We’ve all seen fundamentalism, right? Here are some of the more common features:
A paranoid, defensive, self-referencing style; a We-They worldview; the coining of an exclusivist language of values; the reinterpretation of common words; a general humorlessness and disinclination to irony and ambiguity; focus on a singular theme or subject.
Repression of traditional social graces; the turning of all human encounter into occasion for argument or conversion; a palpable triumphalism and presumption of righteousness; the dogmatizing of all natural and social phenomena.
Ridicule and mockery as a style of public discourse; perfection of the put-down and the write-off.
A priori rejection of the possibility of one’s own failure or epistemological error.
Recognition, either implicit or explicit, of one paramount sacrament as the embodiment of the most holy.
Puritanical tastes and preferences; the exclusion of cognitive or methodological neutrality; proliferation of taboos and prohibited expressions amongst the initiated.
Polarization, the rendering of every person as either for or against oneself; the elimination of common grace; a division of reality into a large zone of the forbidden and a small redoubt of one’s own virtue.
An anti-intellectualism disguised as the scientific approach; the cherry-picking of studies and texts that support one’s own point of view; a constant appeal to certain “theories” and “sacred texts;” the rejection of countervailing evidence as mere bias or guile.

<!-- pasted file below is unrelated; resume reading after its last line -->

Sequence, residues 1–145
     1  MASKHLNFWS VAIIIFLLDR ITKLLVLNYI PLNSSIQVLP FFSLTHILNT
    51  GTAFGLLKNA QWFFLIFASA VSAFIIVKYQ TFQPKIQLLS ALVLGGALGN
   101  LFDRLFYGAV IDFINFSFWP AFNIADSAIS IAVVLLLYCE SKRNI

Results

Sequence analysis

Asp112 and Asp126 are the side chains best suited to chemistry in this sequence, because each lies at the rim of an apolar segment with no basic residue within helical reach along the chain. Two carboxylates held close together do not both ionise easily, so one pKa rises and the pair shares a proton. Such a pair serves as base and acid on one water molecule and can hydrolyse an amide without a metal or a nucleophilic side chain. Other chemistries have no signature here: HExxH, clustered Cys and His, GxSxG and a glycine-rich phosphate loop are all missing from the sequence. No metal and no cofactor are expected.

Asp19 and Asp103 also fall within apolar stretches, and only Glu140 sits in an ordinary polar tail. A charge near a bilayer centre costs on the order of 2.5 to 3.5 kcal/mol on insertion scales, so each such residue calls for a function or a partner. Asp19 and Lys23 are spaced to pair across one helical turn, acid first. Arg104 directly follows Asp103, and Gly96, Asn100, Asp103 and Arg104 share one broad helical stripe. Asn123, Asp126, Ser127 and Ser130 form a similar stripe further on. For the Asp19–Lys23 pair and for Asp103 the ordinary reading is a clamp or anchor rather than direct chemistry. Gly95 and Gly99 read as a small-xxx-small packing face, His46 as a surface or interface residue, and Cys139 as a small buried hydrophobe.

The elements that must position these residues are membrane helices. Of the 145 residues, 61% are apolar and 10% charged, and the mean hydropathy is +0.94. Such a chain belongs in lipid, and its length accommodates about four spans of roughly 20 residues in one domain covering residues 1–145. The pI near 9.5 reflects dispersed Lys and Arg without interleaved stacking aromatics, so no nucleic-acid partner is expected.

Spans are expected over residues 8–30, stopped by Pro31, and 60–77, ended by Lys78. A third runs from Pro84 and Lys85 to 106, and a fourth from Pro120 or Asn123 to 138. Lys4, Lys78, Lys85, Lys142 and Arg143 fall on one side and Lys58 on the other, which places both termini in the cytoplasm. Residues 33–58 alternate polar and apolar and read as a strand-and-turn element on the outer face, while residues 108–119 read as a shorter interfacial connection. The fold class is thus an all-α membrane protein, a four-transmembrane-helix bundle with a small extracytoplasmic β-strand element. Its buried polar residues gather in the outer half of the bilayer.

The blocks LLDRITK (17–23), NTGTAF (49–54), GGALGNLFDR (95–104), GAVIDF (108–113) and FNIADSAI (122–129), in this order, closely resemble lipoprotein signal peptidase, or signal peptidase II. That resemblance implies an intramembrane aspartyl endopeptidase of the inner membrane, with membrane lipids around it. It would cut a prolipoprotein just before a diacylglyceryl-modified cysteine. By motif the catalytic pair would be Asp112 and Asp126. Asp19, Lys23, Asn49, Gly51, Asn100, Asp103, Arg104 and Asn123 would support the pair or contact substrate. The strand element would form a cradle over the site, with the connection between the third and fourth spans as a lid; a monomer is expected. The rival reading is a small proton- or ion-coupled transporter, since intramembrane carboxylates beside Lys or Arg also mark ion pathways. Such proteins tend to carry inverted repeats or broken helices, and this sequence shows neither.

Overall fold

Taking refuge in conspiracy and third-way epistemologies; denial of the moral value of one’s opponents; an exegesis of history to make one’s own cause inevitable.
A schismatic impulse that increases with internal debate; excommunication of former allies; consummation of hatred towards those once closest to one’s own views; ever more explicit identification of heretics and deviants; ascription of moral absolutes to one’s enemies (not simply wrong, but evil; not merely mistaken, but sick).
Philosophical and pragmatic Manichaeism, where nature and history are interpreted as a cosmic struggle between (your) god and (their) devil; and yourself as one of the chosen few.
Philosopher Eric Hoffer called such people True Believers. Richard Hofstader once called them Christians. Many today call them Salafist Muslims. Increasingly, I call them Democrats.